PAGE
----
Antimicrobial resistance in Honduran salmonella and in Escherichia coli recovered from cattle in the U.S.

Date

2019-12

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Abstract

Characterization of pathogenic bacteria in the food chain in developing countries is necessary to address antimicrobial resistance from a perspective One Health. Hence, the main objective of the first study is to understand antimicrobial resistant of Salmonella isolates from a developing country that has not implemented systematic surveillance to access and control the emergence and spread of antimicrobial resistance. This investigation covered the phenotypic antimicrobial resistance of Salmonella isolates recoverd at different points of the food chain in Honduras. Sequence data of the Salmonella isolates were intenagated to describe antimicrobial resistance genes associated and obdenued phenotypic resistance. In this study, some Salmonella isolates were resistant to antibiotics of critically importance to human health (ie. macrolide, fluroquinolones, and third-generation cephalosporins). The horizontally transferable genes blaCMY, and qnr, as well non-transferable mutations in topoisomerase genes such as parC and gyrA were detected by whole genome sequencing, and were associated with phenotypic resistance. This study provides insights into the extent of antimicrobial resistance in Honduras, filling gap of important knowledge of this global threat in developing countries. The second study investigated the sample-desolate-level prevalence and antimicrobial resistance of Escherichia coli isolated from U.S. beef cattle fecal samples. Healthy cattle are a major reservoir of E. coli which can lead to higher contamination rates of pathogenic bacteria in beef products. Resistance to antibiotics has also been observed. One of the most important classes of antibiotics are β-lactams, which are primarly used to treat Gram-negative bacteria infections. Escherichia coli resistant to β-lactam antibiotics have been observed in cattle, and this is mainly conferred by extended spectrum β-lactamase (ESBL) and AmpC β-lactamase producing bacteria. Therefore, the objective was to estimate the sample and isolate level prevalence of E. coli and its antimicrobial resistant patterns, detectAmpC and ESBL producers. Feces were inoculated into Buffered Peptone Water and plated onto MacConkey agar without supplementation (MAC), and onto MacConkey agar with 1 mg/L cefotaxime (MACctx), and onto MacConkey agar with 0.5 mg/L ciprofloxacin (MACcip). E. coli was recovered from isolate level in 88% (66/75) on MAC, 60% (45/75) on sample level MACctx, and 53% (40/75) of MACcip. Presumptive E. coli subjected to antimicrobial susceptibility analysis suggested AmpC/ESBL produced (1/66) E. coli from MAC, (45/45) E. coli from MACctx, and (10/40) E. coli from MACcip. Resistance to critically important antimicrobials was detected.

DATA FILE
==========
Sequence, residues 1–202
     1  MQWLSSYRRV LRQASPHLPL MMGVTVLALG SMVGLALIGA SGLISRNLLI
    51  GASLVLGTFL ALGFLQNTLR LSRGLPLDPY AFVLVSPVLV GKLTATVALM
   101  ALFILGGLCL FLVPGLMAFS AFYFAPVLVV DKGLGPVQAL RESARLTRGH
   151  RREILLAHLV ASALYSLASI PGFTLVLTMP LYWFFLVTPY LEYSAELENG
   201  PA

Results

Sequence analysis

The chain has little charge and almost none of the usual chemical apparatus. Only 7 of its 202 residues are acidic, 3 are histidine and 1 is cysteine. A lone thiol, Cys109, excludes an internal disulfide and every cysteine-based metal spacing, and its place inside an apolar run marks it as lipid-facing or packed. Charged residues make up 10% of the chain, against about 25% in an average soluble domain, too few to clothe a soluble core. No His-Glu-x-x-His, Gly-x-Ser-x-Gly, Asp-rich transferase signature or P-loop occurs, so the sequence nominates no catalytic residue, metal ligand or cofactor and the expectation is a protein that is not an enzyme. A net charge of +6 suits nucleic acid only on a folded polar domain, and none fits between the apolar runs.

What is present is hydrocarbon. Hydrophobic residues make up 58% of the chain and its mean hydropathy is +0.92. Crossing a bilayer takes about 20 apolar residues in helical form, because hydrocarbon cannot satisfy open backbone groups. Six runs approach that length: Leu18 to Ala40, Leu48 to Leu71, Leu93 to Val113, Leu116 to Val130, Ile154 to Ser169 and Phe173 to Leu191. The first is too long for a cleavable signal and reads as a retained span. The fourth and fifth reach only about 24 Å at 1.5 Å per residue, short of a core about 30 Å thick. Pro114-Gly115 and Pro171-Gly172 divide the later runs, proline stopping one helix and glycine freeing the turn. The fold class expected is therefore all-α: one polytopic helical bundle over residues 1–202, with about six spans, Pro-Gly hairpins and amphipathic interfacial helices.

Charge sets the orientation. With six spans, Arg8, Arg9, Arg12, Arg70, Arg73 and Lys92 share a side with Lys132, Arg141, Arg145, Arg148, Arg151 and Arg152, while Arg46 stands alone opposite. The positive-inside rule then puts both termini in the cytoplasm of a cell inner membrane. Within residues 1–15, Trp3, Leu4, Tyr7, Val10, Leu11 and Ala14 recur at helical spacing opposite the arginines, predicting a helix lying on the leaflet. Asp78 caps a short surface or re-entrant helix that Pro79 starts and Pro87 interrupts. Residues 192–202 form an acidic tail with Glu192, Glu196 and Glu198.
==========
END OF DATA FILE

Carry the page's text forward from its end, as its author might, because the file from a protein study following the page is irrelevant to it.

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Keywords

Antimicrobial resistance, AmpC beta lactamase, Critically important, Escherichia coli, Extended spectrum beta lactamase, Honduras, Salmonella

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